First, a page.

nerc.ac.uk

The potential role of Antarctic krill faecal pellets in efficient carbon export at the marginal ice zone of the South Orkney Islands in spring

Belcher, A.; Tarling, G.A.; Manno, C.; Atkinson, A.; Ward, P.; Skaret, G.; Fielding, S.; Henson, S.A.; Sanders, R.. 2017 The potential role of Antarctic krill faecal pellets in efficient carbon export at the marginal ice zone of the South Orkney Islands in spring. Polar Biology. 10.1007/s00300-017-2118-z (In Press)

Before downloading, please read NORA policies.
[img] Text
© Springer Science+Business Media B.V. 2017 This document is the author’s final manuscript version of the journal article, incorporating any revisions agreed during the peer review process. Some differences between this and the publisher’s version remain. You are advised to consult the publisher’s version if you wish to cite from this article. The final publication is available at link.springer.com
Krill faecal pellets_Manuscript_V15_revised.docx - Accepted Version
Restricted to NORA staff only until 26 March 2018.

Download (736kB) | Request a copy

Abstract/Summary

Antarctic krill (Euphausia superba) play a central role in the food web of the Southern Ocean, forming a link between primary production and large predators. Krill produce large, faecal pellets (FP) which can form a large component of mesopelagic particulate organic carbon (POC) fluxes. However, the patchy distribution of krill swarms, highly variable pellet composition, and variable sinking and attenuation rates means that these episodic, but potentially large, carbon fluxes are difficult to sample or model. We measured particle flux and type using Marine Snow Catchers (MSC) in the marginal ice zone near the South Orkneys, Antarctica. Krill FP were the dominant component of the POC flux in the upper 200 m (typically 60-85%). FP sinking velocities measured onboard were highly variable (15-507 m d-1) but overall high, with mean equivalent velocities of 172, 267 and 161 m d-1 at our three stations. The high numbers of krill FP sinking through the mesopelagic suggest that krill FP can be transferred efficiently and/or that rates of krill FP production are high. We compared our direct MSC-derived estimates of krill FP POC flux (33-154 mg C m-2 d-1) and attenuation to estimates of krill FP production based on previous measurements of krill density and literature FP egestion rates, and estimated net krill FP attenuation rates in the upper mesopelagic. Calculated attenuation rates are sensitive to krill densities in the overlying water column but suggest that krill FP could be transferred efficiently through the upper mesopelagic, and, in agreement with our MSC attenuation estimates, could make large contributions to bathypelagic POC fluxes. Our study contrasts with some others which suggest rapid FP attenuation, highlighting the need for further work to constrain attenuation rates and assess how important the contribution of Antarctic krill FP could be to the Southern Ocean biological carbon pump.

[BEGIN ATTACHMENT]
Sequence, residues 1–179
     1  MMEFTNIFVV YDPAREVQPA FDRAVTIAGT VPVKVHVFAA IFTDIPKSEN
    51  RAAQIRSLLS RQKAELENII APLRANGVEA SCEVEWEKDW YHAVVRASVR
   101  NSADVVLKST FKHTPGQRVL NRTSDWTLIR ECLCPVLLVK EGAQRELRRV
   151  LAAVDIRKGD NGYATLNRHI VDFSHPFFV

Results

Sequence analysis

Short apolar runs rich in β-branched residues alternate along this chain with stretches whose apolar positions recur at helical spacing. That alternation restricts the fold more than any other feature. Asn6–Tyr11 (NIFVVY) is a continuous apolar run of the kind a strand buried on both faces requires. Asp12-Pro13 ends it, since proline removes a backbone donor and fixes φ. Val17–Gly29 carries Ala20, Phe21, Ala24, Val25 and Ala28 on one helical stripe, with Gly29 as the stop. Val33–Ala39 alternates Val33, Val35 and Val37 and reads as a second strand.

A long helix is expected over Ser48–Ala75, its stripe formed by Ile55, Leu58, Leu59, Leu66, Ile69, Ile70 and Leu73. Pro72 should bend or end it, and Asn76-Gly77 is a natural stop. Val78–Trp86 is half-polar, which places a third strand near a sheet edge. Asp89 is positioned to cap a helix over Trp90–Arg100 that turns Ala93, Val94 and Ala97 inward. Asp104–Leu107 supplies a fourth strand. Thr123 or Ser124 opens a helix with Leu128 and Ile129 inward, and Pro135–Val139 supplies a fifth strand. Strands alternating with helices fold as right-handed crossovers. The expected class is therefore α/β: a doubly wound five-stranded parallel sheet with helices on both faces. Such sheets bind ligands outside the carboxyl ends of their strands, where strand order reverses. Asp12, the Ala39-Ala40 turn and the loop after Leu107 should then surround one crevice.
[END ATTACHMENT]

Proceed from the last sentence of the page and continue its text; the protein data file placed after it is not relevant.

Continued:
Item Type: Publication - Article
Digital Object Identifier (DOI): 10.1007/s00300-017-2118-z
Programmes: BAS Programmes > BAS Programmes 2015 > Ecosystems
ISSN: 0722-4060
Additional Keywords: Faecal pellet attenuation, Antarctic krill, Southern Ocean, Carbon flux, faecal pellet
Date made live: 27 Mar 2017 15:16 +0 (UTC)
URI: http://nora.nerc.ac.uk/id/eprint/516659

Actions (login required)

View Item View Item

Document Downloads

Downloads for past 30 days

Downloads per month over past year

More statistics for this item...